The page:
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ISBA and IPA to meet with Google following claims YouTube comments ‘used by paedophiles’

Many of ISBA’s members have now chosen to withdraw from the channel

Some of the biggest UK advertising trade bodies are to host talks with Google next week following a report which found YouTube was monetising inappropriate videos of kids and inadvertently facilitating "predatory comments" below the footage.

The Institute of Practitioners in Advertising (IPA) and Incorporated Society of British Advertisers (ISBA) have said they will hold discussions with the tech giant next week.

In a statement ISBA’s director general Phil Smith said many of ISBA’s members have now chosen to withdraw from the channel. “By their own admission, YouTube's control and monitoring procedures are inadequate," he said.

Indeed, brands like Cadbury, Mars and Adidas have paused ad spend with YouTube, following on from a report from the Times which found that ads were being served adjacent to videos featuring children doing gymnastics or filming themselves in their underwear.

Much of the footage was uploaded innocently by young people, but it subsequently attracted predatory and inappropriate comments – which has provoked questions around child exploitation on YouTube and whether brands wanted to be associated with such content.

Smith said that ISBA met with Google on Wednesday so they could respond to the concerns raised by members, but added that they have agreed to meet with the group next week to address the issue.

“ISBA is pushing for much more proactive and positive vetting of content before it is deemed suitable for brand advertising and for tighter monitoring and tougher action on inappropriate user comments,” he finished.

Google has made updates to the way it moderates comments and filters content in response to the issue.

A YouTube spokesperson said: “There shouldn’t be any ads running on this content and we are working urgently to fix this. Over the past year, we have been working to ensure that YouTube is a safe place for brands. While we have made significant changes in product, policy, enforcement and controls, we will continue to improve."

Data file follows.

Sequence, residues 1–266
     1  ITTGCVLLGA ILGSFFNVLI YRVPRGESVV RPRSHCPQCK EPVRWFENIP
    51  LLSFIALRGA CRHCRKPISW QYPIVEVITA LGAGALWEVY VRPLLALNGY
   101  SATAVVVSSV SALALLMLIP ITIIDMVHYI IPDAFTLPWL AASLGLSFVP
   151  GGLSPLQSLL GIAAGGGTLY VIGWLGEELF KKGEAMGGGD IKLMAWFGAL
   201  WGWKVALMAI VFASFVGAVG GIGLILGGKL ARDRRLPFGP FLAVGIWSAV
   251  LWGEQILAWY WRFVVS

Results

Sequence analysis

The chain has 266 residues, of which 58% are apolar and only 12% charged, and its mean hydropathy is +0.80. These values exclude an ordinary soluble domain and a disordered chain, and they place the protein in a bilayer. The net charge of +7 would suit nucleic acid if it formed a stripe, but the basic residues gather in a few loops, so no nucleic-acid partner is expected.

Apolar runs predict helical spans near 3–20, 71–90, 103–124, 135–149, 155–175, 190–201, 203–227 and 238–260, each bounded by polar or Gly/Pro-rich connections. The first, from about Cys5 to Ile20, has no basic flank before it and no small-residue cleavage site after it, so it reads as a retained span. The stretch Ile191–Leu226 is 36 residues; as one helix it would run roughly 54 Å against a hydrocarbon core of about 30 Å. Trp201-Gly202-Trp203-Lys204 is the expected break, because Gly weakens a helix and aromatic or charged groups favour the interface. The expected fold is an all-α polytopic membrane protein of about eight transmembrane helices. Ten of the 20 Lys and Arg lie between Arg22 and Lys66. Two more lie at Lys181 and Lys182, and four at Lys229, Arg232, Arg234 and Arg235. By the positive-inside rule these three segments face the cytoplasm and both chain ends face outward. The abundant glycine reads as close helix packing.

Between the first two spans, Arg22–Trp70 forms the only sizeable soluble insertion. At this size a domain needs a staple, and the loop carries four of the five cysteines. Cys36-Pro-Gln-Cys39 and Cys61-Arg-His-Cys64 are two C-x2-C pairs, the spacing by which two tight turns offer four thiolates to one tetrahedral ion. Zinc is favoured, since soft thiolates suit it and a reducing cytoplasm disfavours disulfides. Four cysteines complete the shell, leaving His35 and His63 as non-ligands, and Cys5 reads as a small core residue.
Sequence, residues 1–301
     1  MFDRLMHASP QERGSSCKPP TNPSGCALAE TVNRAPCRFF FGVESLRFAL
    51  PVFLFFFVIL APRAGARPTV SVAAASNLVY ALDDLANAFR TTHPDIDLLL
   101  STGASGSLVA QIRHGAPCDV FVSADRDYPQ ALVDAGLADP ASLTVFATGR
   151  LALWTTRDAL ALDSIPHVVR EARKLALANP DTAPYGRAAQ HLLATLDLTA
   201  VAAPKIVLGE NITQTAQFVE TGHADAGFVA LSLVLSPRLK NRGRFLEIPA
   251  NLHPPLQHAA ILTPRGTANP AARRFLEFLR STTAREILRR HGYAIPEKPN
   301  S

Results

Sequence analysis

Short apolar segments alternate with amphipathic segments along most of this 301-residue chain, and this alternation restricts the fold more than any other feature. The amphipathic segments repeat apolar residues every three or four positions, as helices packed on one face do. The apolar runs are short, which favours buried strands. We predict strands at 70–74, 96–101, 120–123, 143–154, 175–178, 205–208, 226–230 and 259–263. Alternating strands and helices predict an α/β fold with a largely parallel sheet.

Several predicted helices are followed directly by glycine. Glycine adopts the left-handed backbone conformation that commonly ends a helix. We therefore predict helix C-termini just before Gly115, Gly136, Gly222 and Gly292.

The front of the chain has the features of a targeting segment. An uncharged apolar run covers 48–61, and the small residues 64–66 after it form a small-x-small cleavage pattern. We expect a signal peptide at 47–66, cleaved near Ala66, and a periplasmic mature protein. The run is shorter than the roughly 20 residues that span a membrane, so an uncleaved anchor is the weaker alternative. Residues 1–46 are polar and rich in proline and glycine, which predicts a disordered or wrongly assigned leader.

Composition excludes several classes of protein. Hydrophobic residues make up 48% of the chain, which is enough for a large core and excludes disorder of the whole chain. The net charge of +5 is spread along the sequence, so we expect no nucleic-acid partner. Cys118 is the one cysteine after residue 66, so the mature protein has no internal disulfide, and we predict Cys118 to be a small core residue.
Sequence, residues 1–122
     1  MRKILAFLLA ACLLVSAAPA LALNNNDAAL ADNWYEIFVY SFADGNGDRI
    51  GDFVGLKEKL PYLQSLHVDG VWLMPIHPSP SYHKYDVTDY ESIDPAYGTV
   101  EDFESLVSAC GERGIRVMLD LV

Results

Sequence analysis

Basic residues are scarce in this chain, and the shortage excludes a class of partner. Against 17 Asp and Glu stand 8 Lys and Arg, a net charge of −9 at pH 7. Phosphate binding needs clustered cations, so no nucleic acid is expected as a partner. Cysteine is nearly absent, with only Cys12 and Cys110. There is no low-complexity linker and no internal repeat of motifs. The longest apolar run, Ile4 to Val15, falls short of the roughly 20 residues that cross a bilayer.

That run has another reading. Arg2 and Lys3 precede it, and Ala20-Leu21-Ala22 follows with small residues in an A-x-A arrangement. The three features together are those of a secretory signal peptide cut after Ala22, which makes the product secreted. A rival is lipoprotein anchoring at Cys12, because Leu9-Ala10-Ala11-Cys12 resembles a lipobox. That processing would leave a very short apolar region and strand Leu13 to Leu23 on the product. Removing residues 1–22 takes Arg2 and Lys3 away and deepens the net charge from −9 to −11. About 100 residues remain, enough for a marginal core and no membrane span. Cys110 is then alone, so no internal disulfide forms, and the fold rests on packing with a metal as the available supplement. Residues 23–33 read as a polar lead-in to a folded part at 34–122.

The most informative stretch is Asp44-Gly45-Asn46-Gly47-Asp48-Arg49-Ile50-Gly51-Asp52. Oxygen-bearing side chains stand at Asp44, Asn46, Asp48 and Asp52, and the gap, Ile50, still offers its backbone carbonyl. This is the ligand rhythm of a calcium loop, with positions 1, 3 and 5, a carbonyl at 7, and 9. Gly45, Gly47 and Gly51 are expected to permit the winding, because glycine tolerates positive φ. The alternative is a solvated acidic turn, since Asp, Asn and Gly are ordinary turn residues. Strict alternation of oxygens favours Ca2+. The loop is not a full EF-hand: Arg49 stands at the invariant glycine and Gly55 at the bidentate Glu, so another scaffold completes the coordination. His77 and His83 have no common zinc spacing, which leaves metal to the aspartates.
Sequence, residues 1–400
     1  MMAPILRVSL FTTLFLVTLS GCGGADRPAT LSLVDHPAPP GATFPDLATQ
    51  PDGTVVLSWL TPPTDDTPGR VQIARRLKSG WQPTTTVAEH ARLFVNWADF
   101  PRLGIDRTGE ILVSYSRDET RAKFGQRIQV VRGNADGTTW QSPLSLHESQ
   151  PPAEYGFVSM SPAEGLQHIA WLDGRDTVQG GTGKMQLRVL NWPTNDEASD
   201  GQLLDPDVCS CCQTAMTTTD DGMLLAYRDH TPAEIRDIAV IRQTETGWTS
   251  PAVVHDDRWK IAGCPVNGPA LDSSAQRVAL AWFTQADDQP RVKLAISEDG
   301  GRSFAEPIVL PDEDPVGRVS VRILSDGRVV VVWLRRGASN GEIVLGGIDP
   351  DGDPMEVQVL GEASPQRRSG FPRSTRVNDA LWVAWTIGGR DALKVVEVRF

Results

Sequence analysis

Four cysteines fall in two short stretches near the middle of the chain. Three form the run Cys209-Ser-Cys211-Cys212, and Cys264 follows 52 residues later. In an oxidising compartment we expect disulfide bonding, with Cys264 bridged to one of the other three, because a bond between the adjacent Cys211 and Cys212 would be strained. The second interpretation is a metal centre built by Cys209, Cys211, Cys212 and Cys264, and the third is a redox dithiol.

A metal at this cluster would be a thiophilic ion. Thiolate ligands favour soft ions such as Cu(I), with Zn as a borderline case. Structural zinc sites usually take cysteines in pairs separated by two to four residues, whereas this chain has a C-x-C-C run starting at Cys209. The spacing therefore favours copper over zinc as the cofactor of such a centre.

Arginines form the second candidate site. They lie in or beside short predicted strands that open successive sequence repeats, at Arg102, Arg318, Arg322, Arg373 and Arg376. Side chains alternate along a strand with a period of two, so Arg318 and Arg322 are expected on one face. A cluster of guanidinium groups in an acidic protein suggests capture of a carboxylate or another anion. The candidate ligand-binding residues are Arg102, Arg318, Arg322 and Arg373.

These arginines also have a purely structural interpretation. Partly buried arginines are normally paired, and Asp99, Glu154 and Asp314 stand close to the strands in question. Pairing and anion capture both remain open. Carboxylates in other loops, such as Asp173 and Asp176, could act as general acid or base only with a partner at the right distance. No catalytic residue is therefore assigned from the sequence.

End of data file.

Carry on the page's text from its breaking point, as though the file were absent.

The IPA's director general, Paul Bainsfair, said it had arranged for relevant Google execs to attend the IPA Media Futures Group meeting on 4 December. The event brings together bosses from the UK’s major media agencies including Havas, Mediacom and OMD. Here, there will be a "frank discussion" about the situation and the solutions being deployed.

He added: "We are in regular dialogue with YouTube on this issue of brand safety, particularly since our letter to them in August. With great scale and power comes great responsibility and, as Google have openly acknowledged, they have not done enough to date."

"That said, we are encouraged by their efforts to address the challenges facing YouTube."

The Drum has reached out to a number of other advertising bodies including the Internet Advertising Bureau (IAB) and the Advertising Association (AA) to find out if they were to schedule meetings with Google for the coming week as ISBA and the IPA have done. Neither provided specific details on the matter, with both saying they were in regular discussion with Google.

Jon Mew, the chief executive officer of IAB pointed to its recently launched Gold Standard pledge which aimed to clean up the digital ecosystem. He said: "All 24 of our board members – including Google – have publicly committed to implementing the Gold Standard. This commitment increases transparency and provides buyers with choice and control to manage where their ads are placed."

The Association of Online Publishers (AOP), meanwhile, took the opportunity to make the case for advertising against only premium content, with managing director Richard Reeves telling The Drum: “Advertisers that choose scale over context and environment will potentially face more brand safety risks. Not everybody operates to the same, high standards as premium publishers, which just continues to highlight our mission that we need to have agreed guidelines to create a level playing field.”

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